The bottom line: Sixers have to loosen up
This article was originally publised in the Daily News on April 23, 2001.
Of all the things the 76ers were going to need to beat their playoff nemeses, the Indiana Pacers, a proctologist didn't figure to be one of them.
But that was just the harsh, yet truthful, analysis delivered by Allen Iverson after Game 1.
"I thought we got to the point where we thought, 'We've got these guys beat. ' Our asses got tight, simple as that," the Sixers' All-Star guard said in the immediate aftermath of Saturday's disheartening, 79-78 loss at the First Union Center. "It's as simple as that. That's the way it looked to me. "
After a night of reflection, he hadn't changed his opinion. But he did want to clarify his intent.
"I didn't mean anything disrespectful to myself, my teammates or my coaches," Iverson said yesterday after practice. "I just meant that we just have to protect leads. If you have a 16-point lead, the worst thing you do is win by one. You don't lose the game. "
The Sixers choked. There's no other way to say it - well, unless you want to reiterate it Iverson's way.
When you're the No. 1 seed and you blow an 18-point, second-half lead against the No. 8 seed, you've gagged.
When you've got a chance to pull out a victory against the Pacers and you get several brain cramps down the stretch, you've coughed up a hairball.
When you have a two-point lead and you let Reggie "Mr. Clutch" Miller get a tremendous look at a three-pointer with 2.9 seconds left - well, you get the picture.
"I think what Allen said was a fair assessment," said Sixers point guard Eric Snow, who finished with 14 points but made just one of six shots in the second half. "A better word for it might have been hesitant.
"I don't think we took them lightly. We just didn't make some of the plays that we should have in the second half. "
The Sixers know they blew Game 1 in the first-round series. They know they've immediately surrendered the home-court advantage they had worked so hard to get.
They know they have given a Pacers team, which already was confident after having eliminated the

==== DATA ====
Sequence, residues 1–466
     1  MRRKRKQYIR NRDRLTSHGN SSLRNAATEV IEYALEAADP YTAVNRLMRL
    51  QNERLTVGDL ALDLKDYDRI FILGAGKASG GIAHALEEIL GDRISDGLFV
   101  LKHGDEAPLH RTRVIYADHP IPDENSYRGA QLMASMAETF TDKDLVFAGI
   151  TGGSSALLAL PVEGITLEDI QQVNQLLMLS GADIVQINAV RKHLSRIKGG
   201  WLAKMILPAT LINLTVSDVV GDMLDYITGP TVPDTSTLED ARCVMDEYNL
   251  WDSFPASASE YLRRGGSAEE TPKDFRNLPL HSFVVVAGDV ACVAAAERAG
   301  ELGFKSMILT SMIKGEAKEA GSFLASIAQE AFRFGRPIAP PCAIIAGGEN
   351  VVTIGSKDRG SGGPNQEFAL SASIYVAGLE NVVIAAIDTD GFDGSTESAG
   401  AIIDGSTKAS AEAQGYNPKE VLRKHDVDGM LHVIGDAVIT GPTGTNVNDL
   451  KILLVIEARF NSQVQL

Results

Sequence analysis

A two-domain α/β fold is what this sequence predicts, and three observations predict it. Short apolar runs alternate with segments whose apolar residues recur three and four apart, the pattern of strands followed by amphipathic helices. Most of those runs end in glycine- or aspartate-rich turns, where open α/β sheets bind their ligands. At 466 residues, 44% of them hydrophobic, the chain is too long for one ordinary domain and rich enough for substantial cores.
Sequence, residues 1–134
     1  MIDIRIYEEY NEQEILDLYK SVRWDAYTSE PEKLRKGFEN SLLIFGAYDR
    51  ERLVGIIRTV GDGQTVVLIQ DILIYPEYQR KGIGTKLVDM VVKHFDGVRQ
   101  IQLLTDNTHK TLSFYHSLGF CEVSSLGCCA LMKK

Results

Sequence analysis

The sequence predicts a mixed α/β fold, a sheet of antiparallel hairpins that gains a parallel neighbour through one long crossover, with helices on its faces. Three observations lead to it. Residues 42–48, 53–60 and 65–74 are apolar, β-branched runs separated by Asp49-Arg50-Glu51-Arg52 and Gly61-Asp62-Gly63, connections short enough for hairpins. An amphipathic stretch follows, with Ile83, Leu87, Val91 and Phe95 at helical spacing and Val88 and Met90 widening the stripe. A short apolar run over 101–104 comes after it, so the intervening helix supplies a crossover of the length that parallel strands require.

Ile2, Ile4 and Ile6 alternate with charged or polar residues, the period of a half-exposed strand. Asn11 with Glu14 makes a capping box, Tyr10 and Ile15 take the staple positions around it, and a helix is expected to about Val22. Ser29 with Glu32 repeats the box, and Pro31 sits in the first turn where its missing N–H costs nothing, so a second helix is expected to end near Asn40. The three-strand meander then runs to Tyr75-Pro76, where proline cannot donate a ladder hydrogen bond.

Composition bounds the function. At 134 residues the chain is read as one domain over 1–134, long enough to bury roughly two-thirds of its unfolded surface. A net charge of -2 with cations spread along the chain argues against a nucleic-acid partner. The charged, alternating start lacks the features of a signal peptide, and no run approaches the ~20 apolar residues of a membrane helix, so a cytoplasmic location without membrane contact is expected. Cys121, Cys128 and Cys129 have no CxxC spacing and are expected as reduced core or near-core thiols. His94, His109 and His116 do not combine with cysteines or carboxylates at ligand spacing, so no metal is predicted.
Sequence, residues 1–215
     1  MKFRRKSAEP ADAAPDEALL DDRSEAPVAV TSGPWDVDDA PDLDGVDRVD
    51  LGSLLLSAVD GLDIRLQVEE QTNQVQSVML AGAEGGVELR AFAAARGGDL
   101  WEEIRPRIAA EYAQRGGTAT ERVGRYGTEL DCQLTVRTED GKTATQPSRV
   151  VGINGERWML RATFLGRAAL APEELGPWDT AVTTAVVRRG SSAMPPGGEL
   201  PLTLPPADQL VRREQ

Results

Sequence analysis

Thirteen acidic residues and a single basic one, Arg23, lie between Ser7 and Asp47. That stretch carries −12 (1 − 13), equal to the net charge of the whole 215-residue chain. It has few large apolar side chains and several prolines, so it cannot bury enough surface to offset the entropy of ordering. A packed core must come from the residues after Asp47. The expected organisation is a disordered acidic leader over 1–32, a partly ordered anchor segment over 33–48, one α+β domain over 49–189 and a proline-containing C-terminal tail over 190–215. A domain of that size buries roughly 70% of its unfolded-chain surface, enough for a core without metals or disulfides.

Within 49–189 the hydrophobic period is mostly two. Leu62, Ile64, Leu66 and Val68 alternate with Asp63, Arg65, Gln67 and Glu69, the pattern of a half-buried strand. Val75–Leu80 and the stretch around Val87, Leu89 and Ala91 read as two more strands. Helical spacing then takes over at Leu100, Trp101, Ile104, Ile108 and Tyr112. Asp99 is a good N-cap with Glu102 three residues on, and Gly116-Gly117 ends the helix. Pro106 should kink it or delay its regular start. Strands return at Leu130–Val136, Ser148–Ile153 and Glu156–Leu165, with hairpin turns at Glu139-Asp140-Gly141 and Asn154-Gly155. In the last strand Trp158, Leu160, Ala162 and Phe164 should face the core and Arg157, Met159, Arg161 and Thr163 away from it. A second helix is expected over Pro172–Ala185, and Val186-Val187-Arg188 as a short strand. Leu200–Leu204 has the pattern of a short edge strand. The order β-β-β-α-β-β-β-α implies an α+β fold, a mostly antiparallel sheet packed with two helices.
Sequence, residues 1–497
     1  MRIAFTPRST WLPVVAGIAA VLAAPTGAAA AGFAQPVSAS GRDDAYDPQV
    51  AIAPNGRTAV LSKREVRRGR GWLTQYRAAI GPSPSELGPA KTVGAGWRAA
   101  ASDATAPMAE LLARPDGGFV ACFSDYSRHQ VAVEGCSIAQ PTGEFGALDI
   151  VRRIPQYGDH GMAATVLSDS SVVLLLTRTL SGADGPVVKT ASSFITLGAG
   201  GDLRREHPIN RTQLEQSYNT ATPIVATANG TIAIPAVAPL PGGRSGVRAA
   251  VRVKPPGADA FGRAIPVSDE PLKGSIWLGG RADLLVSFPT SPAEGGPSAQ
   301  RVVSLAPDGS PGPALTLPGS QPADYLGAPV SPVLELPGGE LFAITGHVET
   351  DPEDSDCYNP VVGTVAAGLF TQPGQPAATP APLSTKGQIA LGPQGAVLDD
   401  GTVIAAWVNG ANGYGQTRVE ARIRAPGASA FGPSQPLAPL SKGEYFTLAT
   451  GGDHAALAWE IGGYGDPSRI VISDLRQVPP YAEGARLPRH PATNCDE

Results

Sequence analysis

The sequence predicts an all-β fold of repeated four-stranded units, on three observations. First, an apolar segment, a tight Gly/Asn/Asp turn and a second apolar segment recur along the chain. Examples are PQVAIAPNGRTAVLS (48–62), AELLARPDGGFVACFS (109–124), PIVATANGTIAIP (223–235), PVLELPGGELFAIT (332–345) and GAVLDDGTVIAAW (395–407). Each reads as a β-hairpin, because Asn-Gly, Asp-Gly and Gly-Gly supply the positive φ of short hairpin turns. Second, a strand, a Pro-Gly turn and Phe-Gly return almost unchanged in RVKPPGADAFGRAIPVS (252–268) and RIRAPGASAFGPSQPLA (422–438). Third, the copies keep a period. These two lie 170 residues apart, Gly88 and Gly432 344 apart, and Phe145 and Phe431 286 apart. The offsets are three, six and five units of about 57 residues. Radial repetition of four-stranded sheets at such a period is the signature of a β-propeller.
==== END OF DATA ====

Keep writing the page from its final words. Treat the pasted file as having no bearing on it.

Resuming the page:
Sixers from the playoffs the last two seasons, even more reason to believe they have the Sixers' number.
They also know, so what? There's not a thing they can do about Saturday. To dwell on it would be detrimental.
Trailing 1-0 in a best-of-five series against the defending Eastern Conference champions, the Sixers go into tomorrow night's Game 2 behind the eight ball, with their backs against the wall, do-or-die or any other cliché for trouble that you can think of.
But they aren't dead. They don't even require life support, yet.
"I think every game in a short series is a must-win situation," coach Larry Brown said yesterday after a session of film-watching, practice and regrouping.
"I think we had a good practice. I was worried, but our guys didn't come in with their heads between their legs.
"It was unfortunate, but it's just one game. It's over, so let's go on. "
It's not about Game 1 anymore. It's about Game 2.
If the Pacers had come and just beat the daylights out of the Sixers, things might be gloomier. This, however, was a giveaway.
The Sixers aren't so much better than Indiana that they can get away with bringing their "B" game. Saturday confirmed that. Still, they are the better team.
"We know what we have to do," forward Tyrone Hill said. "We just didn't play smart on Saturday. It was a tough loss, but we're all professionals."
"If we do what we are supposed to do from [tomorrow] on, we'll be OK. The bottom of this ship hasn't fallen out, yet. "
There's no question, however, that the dragon the Sixers are trying to slay just got 20 feet taller and grew a second head.
In 23 previous playoff series in their NBA history, the Pacers are 11-0 when they've won Game 1. Included in that is the 4-0 sweep of the Sixers in the second round of the 1999 playoffs and the 4-2 elimination of them in the second round of the 2000 postseason.
The Pacers will come into the First Union Center tomorrow night looking to put the hammer down in Game 2.
But the Sixers have been resilient. They didn't win 56 games and post the best overall record in the Eastern Conference because they didn't know how to overcome adversity.
"Of course, this makes it harder,"
Iverson said, "but nothing is ever easy. As long as we understand that it takes three games to win this series, it's no problem.
"For us to lose confidence right now because we lost one game would be stupid. The makeup of this team is better than that. We have more character than to give it all up after one loss. "
They'd better. Because if the Sixers lose tomorrow, they won't need a doctor.
They'll need a mortician.